This style of storytelling upsets the chronology of the work. The timeline is continuously taking the readers back to a gruesome or monstrous experience in order to expose the awful reality that is in today. Taking the reader to a dark and unsightly place is common in works written by Southern Gothic authors like William Faulkner and Tennessee Williams. This frequently consists of producing characters with qualities that will make the reader wince with disgust, however with enough excellent qualities to keep the reader intrigued.
Southern Gothic writers frequently use these flawed characters to heighten the repulsive aspects of the south. The old south is an age filled with battle. The abundant battle to keep the bad lower class bad. The lower class battle to keep their incomes afloat. There have actually been racial battles and the continuous fight to hold tightly to the past in fear of the future. Faulkner’s gothic narrative “A Rose for Emily,” is the tale of a lady’s life and death and how the era of the old south refused to let go of the past to move on with modifications of the brand-new era.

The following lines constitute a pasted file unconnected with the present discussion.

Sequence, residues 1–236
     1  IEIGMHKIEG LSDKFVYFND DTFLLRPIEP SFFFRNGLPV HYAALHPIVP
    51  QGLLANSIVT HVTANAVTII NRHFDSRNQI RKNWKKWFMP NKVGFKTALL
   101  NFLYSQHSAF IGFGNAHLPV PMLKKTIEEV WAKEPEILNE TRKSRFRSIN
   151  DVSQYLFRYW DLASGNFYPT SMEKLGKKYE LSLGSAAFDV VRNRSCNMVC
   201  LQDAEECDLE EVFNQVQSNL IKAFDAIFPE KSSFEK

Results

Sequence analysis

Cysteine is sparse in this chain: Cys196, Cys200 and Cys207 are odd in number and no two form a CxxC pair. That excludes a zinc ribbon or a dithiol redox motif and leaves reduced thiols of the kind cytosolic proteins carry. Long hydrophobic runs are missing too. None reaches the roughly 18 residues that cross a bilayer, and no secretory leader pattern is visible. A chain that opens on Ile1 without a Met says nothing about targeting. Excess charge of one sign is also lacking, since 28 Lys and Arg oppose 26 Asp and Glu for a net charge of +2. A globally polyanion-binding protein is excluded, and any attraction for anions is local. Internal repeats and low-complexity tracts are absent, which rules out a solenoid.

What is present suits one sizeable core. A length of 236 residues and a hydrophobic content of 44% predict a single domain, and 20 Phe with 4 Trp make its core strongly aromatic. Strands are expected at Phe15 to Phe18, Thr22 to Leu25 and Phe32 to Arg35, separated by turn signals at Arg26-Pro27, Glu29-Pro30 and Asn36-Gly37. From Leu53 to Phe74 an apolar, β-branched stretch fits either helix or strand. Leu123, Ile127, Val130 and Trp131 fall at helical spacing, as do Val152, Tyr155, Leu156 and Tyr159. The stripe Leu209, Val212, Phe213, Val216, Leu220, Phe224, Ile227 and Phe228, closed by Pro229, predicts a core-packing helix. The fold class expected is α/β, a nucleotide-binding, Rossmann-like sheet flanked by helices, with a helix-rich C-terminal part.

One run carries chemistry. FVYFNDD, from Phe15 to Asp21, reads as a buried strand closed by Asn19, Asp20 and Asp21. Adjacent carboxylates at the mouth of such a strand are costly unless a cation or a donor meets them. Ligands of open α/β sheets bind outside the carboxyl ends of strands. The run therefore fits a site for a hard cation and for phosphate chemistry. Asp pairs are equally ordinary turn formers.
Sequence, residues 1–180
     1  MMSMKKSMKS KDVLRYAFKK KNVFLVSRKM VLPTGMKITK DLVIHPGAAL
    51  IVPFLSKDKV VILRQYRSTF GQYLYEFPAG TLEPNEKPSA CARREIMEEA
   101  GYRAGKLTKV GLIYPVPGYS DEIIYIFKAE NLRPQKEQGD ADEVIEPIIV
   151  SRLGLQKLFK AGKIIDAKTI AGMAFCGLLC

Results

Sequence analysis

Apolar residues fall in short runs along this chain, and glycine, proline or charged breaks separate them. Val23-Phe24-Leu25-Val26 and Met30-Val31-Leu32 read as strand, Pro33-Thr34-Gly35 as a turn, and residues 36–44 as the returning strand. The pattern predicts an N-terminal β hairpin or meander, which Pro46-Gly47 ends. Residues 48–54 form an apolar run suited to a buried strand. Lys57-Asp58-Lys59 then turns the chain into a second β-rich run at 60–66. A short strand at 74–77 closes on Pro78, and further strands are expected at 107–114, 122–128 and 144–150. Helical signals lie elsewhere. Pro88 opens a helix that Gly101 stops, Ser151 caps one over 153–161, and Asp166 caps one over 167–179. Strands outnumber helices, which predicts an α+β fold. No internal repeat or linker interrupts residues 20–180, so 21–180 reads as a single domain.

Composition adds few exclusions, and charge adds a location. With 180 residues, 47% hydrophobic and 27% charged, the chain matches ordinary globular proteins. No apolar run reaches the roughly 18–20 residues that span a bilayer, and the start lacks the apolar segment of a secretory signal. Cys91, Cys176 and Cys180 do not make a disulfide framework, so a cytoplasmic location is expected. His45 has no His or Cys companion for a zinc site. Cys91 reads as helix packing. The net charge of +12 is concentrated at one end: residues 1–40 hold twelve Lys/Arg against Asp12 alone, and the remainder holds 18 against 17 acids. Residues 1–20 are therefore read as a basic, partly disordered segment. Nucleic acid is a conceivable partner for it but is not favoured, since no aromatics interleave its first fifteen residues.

Miss Emily is so tightly bound to her old southern manner ins which she even keeps her dead lover in her home and lies with him. Miss Emily is a necrophiliac, in more methods than one. She likes her methods a lot that even after their death to the brand-new south; she clings to them like her dead enthusiast, Homer. She can not let go, not even on her own death bed. Faulkner utilizes a non-linear timeline to go back and forth through time as another example of a failure of growth. Faulkner disrupts the chronology of the story in order to represent the south’s failure to let go of the past.